(The Center Square) — New Jersey’s schools will be spared deep budget cuts next year under a new deal reached between Gov. Phil Murphy and a group of Democratic lawmakers being fast-tracked through the state Legislature.
The proposal, which was unanimously approved by the Senate Monday, calls for spending $102.7 million in one-time supplemental state aid to school districts to help them offset a projected $157 million in revenue losses in the next fiscal year from changes to the state’s school funding formula.
That would restore roughly 66% of the funding expected to be cut from about 160 school districts under Murphy’s proposed fiscal year 2024 budget.
“As we work towards ensuring equitable access to the high-quality education every student deserves, this supplemental funding will support districts in adjusting to changes in aid under our state’s school funding formula,” Murphy said in a statement.
Assemblyman Roy Freiman, D-Middlesex, one of the bill’s primary sponsors, said the additional funding would ease schools’ financial pressures and prevent deep cuts in education.
“After all of the disruption to learning through the pandemic, the last thing we need is for families to worry about teachers being laid off or services being cut,” he said.
Under the plan, districts would be required to submit a written plan to state education officials explaining how they will use the additional funding and how they will operate in coming years, without supplemental money. The one-time allocations would come from the state’s property tax relief fund.
“Our schools have come under tremendous pressures over the past three years due to the pandemic, ranging from uncertainty about resources, learning recovery and a growing teacher shortage,” Sen. Vin Gopal, D-Monmouth, another sponsor, said in a statement. “Now is not the time for more uncertainty, nor the time for districts to be asked to do with less at the precise moment they are trying to recover some sense of normalcy.”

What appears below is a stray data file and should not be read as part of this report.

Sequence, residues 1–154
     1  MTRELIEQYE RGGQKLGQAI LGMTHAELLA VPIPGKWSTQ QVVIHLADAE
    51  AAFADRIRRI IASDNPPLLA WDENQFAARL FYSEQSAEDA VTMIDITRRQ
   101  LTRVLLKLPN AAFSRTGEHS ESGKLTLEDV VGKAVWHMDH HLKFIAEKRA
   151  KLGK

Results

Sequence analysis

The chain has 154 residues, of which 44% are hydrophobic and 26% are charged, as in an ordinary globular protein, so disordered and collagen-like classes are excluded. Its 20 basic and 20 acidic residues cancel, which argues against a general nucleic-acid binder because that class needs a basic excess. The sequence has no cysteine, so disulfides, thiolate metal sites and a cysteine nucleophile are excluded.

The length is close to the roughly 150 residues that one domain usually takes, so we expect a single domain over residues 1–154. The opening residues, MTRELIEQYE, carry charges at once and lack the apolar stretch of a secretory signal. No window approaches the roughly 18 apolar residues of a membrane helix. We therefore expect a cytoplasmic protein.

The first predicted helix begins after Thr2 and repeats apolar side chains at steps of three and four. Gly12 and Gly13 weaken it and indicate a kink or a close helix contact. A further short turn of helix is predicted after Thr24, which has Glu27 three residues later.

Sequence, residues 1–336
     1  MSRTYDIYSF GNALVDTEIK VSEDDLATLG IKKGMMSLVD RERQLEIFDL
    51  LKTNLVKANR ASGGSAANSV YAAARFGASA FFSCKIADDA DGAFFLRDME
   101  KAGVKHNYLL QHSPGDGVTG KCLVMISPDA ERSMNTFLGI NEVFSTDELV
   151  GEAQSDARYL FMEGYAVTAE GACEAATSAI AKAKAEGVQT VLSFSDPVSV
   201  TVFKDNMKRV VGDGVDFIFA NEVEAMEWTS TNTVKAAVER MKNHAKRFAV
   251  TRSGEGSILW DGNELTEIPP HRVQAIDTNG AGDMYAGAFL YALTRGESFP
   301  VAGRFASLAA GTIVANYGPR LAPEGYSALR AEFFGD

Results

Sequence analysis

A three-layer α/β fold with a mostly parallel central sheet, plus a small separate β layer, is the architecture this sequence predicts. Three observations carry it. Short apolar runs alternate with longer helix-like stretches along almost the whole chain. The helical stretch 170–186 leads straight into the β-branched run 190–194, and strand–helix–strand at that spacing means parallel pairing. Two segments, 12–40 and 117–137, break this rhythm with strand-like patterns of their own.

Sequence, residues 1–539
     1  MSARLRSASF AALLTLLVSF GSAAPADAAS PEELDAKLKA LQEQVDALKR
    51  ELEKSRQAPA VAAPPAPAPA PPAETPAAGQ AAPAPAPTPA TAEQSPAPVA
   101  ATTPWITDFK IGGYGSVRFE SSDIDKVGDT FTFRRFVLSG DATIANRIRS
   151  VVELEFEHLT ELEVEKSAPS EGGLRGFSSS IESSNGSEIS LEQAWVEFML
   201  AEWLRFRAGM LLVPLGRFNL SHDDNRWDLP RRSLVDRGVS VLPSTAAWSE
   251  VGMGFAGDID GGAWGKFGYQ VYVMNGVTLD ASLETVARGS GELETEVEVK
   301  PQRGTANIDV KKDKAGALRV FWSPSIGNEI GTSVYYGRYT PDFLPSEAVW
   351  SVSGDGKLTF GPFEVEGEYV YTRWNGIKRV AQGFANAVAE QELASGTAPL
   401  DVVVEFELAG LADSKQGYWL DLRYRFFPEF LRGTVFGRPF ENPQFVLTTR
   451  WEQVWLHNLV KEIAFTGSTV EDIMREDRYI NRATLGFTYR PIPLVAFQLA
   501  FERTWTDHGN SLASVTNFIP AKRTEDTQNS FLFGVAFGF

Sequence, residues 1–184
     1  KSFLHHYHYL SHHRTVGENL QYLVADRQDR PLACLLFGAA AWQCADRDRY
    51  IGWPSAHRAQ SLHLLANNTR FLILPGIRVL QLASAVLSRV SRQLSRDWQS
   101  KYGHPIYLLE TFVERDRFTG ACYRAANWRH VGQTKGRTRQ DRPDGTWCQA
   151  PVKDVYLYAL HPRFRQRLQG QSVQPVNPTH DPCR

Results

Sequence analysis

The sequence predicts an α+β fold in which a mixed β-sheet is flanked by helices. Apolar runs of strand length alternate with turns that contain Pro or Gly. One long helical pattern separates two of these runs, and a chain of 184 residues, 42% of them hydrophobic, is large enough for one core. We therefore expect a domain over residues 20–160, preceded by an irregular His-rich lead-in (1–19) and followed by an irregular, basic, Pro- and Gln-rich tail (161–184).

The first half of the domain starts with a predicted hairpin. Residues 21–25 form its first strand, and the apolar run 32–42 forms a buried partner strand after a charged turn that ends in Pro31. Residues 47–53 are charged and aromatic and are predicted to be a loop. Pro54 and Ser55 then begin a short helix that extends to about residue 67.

The funding cuts were expected under an update to the state’s education funding formula, which determines how much each school district gets in state aid, taking into account enrollment, poverty levels, and other factors.
Lawmakers have made several changes to the formula over the years aimed at evening out funding disparities between districts, but critics say the changes have some school districts waiting long periods of time to find out how much money they will get from the state.
Changes to the state’s education funding formula have also drawn the attention of the federal government, which in 2021 ordered the state to restore millions of dollars in funding cuts to some of the state’s most impoverished school districts.
Republican lawmakers have called on the state to fully fund school districts and require local governments to return property taxes based on the new amount of aid received, but those efforts have so far been rejected by the Democratic majority in the state Assembly and Senate.
“Restoring two-thirds of the funding that Gov. Murphy proposed cutting from our children’s schools isn’t good enough. We need to restore 100%,” state Sen. Declan O’Scanlon, R-Monmouth, said in remarks in the Senate Monday. “We Republicans have been arguing for this for several years.”